Author(s): Bunte C, Prucker O, Knig T, Rhe J
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Abstract A photochemical approach to the generation of (microstructured) redox hydrogels with incorporated enzymes is presented and evaluated with respect to its potential in biosensor and biofuel cell applications. For this, poly(dimethylacrylamide) polymers containing both electroactive ferrocene moieties and photoreactive benzophenone groups are synthesized and deposited as thin films on electrode surfaces. Upon short irradiation with UV light, the polymer layer cross links and becomes firmly adhered to the glassy carbon electrodes. If glucose oxidase is mixed into the polymer solution prior to coating, then glucose-oxidizing electrodes with very high catalytic current responses are obtained. The influence of multivalent ions and proteins on the performance of the electrocatalytic films is studied. It is found that the interaction between bivalent HPO(4)(2-) and the oxidized redox moieties can shorten the lifetime of the redox electrodes significantly whereas the same electrodes are quite stable in the presence of monovalent ions and the reduced form of the mediator. Coating a thin, covalently attached poly(dimethylacrylamide) protective layer onto the redox polymer networks can greatly reduce the adsorption of proteins onto the surfaces and improve the long-term stability of the electrodes in physiological environments. Because the adsorption of proteins onto unprotected surfaces is one of the major causes of bioelectrode failure, this aspect is expected to contribute to the design of more biostable sensors and fuel cells.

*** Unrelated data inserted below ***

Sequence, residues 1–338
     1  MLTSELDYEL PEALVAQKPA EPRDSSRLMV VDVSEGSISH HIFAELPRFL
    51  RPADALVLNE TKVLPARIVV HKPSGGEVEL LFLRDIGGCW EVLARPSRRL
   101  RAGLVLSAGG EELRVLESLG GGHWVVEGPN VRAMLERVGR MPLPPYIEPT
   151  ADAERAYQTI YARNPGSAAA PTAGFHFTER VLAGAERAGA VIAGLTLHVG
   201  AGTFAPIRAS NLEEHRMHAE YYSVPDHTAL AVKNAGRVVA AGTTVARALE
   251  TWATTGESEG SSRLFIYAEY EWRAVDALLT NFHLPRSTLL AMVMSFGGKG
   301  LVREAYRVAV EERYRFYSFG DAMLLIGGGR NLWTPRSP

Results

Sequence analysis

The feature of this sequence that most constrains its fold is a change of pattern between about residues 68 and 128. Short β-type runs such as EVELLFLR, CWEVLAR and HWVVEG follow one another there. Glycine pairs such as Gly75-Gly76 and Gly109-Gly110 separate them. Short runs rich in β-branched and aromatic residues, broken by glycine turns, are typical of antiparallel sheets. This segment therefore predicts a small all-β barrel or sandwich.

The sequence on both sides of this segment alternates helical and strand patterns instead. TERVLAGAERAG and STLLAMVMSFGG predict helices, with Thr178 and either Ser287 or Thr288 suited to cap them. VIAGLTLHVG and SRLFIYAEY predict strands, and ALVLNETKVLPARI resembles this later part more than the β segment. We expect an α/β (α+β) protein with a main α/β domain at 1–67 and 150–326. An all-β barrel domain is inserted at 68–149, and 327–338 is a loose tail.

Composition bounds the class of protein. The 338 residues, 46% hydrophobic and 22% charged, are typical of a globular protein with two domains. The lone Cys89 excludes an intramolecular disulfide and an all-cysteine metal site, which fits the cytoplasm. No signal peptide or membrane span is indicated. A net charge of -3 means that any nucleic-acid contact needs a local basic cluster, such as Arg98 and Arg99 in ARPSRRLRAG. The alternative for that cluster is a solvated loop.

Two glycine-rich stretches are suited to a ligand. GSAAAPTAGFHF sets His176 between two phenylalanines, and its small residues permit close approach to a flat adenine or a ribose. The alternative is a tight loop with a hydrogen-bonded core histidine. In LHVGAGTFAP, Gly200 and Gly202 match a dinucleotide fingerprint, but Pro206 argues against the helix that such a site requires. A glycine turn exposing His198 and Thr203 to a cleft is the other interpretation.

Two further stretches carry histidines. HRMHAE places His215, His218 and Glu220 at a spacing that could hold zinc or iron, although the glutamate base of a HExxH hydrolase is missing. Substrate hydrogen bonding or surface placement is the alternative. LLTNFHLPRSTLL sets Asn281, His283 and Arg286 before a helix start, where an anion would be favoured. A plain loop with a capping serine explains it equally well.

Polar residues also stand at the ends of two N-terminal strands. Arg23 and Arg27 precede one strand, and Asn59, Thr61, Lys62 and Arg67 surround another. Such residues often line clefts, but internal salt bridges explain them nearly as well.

This article was published in Langmuir
and referenced in Journal of Microbial & Biochemical Technology